However, the decision to protect the wealthy rather than students, workers, and poor people was entirely a political decision. The banks were able to use their political power to ensure that they got the resources needed to prevent their collapse. On the other hand, those not interested in helping students, workers, and poor people began to highlight concerns about deficits in order to head off additional spending. It may always be the case that the wealthy will dominate the political process to the extent that they do today, but it is worth pointing out that it is politics, not economics, that determines who suffers in a crisis.

Comments (5)Add Comment
...
written by John Emerson, June 20, 2010 9:24
The role of Andy Stern in this puzzles me. I know little about him except that he was the head of SEIU and that SEIU was a Democratic stalwart, with various rumors and accusations floating around about him. There's got to be a story about why he's saying those things.
Soak the rich
written by bakho, June 20, 2010 9:55
Peterson clearly does not pay his fair share of taxes and wants to avoid having to support the very economy that enabled him to become wealthy in the first place.

The estate tax cannot make its return soon enough.
...
written by izzatzo, June 20, 2010 11:23
The piece implied that the two members who accepted the view that it is necessary to reach an agreement on reducing the deficit in the current political environment are getting beyond ideology. In contrast, those who think it is important to protect social programs that virtually the entire working population will depend on in retirement are somehow being ideological.


It's critical to get beyond ideology, for example, the Tax and Spend ideology that just keeps driving up debt with more taxes and spending. Alternative ideologies, like Starve the Beast ideology can be superior in a recession, which spends way more than taxes taken in to act as stimulus spending.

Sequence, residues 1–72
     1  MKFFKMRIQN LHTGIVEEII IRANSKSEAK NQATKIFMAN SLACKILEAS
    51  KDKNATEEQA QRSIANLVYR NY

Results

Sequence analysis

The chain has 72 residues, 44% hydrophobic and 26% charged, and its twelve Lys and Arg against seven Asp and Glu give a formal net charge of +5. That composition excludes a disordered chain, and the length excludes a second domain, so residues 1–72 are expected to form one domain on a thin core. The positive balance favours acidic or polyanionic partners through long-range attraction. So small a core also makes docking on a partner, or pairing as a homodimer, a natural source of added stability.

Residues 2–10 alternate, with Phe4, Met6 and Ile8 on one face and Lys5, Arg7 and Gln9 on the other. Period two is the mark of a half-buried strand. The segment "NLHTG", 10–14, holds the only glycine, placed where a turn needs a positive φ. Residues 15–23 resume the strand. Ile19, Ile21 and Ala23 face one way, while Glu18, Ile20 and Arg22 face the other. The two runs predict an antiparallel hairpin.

Then there's Clinton Zero Sum ideology, where taxes are matched with spending to maintain a balanced budget with a zero deficit, or Sure 'Nuf Zero Sum ideology where the debt is paid down with surpluses until it reaches zero, otherwise known as Ain't Gonna Happen Greenspan ideology because government will just spend the surplus.

Finally there's Boy Monarch Bush ideology that starts a useless war then enacts a tax cut that adds $1.3T to the deficit for a total of well over $2T added to the debt, also known as Supply Side Gotcha Backfire ideology or "stimulus braking", sort of like stagflation with the foot on the pedal and brake at the same time.

The next issue of Peterson's "Fiscal Times" is expected to have a special feature on why Starve the Beast ideology is not working because the stimulus is creating too many jobs rather than adding enough crippling debt to bring down the economy and put the Republicans back in office.

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About Beat the Press

Dean Baker is co-director of the Center for Economic and Policy Research in Washington, D.C. He is the author of several books, his latest being The End of Loser Liberalism: Making Markets Progressive. Read more about Dean.